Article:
HEPLAB: Matlab scripts to facilitate heartbeat-evoked potential analysis

Last month my colleague Luis Ciria and I, gave a two-day workshop that focused on how to use the Matlab toolbox eeglab to create heartbeat-evoked events, extract epochs from the continuous EEG signal based on these events, and use Fieldtrip to perform a cluster-based permutation analysis to detect statistical differences between groups and conditions. The custom scripts we used at the workshop are freely available through the Zenodo repository.

Which side are you on boys?

As promised, I publish here a recent correspondence between Angel Correa, a colleague at the Brain, Mind & Behaviour Research Center of the University of Granada, and the editor of an Elsevier journal. I do not wish to express my opinion here —although the title and image of this post may be giving a hint— nor to reveal the identity of the editor. I prefer to listen to what my fellow colleagues think about which are the obligations and responsibilities of authors and journal editors in the emerging landscape of open scholarly communication.

How to detect the B point in impedance cardiography

Our new article, published in Psychophysiology and freely available from my Publications page, compares the accuracy of the three algorithms for B point detection included in Biopac’s popular software Acknowledge. We found unexpected and dramatic differences in the accuracy of these three algorithms, with the one based on the third derivative of the impedance cardiogram performing significantly better. In our article, we also provide a decision tree to help in the manual detection of the B point, especially by young and inexperienced researchers.

Open scientists in the shoes of frustrated academics part I: Open-minded scepticism

Last week I was in Oslo, invited by the organising committee of Eurodoc2017, to give an introductory talk on Open Science [1]. One thing that became apparent during this two-day event was that, although irresistibly trendy, Open Science remains an elusive concept. Many continue to confuse Open Science with Open Access, not to mention that almost everyone still thinks Open Access is equivalent to publishing in open access journals. In this series of posts, I will discuss a few issues that will hopefully help clarify the meaning of Open Science, why is it important, and how individual scientists can make a difference.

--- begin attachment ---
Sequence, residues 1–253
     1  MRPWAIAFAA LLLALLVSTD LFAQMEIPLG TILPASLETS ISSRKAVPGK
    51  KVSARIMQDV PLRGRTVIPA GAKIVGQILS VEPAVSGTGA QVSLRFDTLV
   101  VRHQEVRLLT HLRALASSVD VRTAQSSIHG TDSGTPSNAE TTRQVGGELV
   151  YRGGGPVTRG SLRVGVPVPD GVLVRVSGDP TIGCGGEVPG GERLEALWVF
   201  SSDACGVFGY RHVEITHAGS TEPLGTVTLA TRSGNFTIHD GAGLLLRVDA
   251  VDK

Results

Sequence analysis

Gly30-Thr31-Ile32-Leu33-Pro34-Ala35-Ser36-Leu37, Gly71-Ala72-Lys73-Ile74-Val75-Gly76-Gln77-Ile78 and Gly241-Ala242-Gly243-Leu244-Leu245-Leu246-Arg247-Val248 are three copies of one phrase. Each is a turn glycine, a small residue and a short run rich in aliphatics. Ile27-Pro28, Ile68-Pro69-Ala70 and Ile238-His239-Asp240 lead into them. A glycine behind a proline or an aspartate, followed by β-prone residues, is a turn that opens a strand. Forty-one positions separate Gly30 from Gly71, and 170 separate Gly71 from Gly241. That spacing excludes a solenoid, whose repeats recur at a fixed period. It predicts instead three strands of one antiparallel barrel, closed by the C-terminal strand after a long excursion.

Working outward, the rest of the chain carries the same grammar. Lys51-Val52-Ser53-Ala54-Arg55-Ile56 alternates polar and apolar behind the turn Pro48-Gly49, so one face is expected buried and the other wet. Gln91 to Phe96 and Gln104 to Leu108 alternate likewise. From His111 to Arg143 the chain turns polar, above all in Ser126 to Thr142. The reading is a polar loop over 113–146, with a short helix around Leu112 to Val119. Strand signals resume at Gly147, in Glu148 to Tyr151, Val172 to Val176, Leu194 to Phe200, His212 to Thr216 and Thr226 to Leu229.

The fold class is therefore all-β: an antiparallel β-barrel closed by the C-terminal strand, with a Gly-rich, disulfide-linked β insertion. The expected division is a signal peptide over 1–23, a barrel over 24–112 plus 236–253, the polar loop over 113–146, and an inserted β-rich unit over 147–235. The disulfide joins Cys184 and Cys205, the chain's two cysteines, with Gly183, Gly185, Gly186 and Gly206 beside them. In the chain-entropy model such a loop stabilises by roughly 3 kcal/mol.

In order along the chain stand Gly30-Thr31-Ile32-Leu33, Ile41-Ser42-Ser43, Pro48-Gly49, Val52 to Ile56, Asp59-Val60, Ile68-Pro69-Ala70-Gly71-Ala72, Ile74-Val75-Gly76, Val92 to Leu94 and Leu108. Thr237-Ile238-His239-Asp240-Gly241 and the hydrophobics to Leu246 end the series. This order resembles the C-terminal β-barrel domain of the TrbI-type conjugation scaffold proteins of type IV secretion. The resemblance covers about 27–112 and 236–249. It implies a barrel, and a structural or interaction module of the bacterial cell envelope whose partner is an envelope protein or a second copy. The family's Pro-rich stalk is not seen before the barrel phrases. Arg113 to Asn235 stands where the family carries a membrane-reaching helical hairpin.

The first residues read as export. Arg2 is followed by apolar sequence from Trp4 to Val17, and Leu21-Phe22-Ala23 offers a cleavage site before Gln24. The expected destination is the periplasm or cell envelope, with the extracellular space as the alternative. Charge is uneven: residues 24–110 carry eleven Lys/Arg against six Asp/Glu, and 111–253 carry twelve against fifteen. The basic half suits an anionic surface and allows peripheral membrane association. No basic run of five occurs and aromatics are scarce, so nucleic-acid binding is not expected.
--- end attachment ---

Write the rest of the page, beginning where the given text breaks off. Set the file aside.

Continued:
Our two recent papers uncover a novel relation between neural and cardiac indices of enhanced attention in young athletes

In two recent papers, published in the Journal of Medicine & Science in Sports & Medicine, and in Scientific Reports, we showed that young athletes perform better in a sustained attention task compared to their sedentary counterparts. Interestingly, the benefits of exercise on attention are observed only during the first 30 minutes of the 1-hour task. After that, there are no differences in the performance of the two groups. We observe that during this enhanced attention period, athletes also exhibit significantly different EEG and heart period event-related potentials (ERPs). This novel finding points towards a previously unrecognised brain-heart interaction in the mediation of cognitive benefits induced by physical exercise. These interesting results on the role of regular exercise on attention have also attracted the attention of Spanish popular science journals.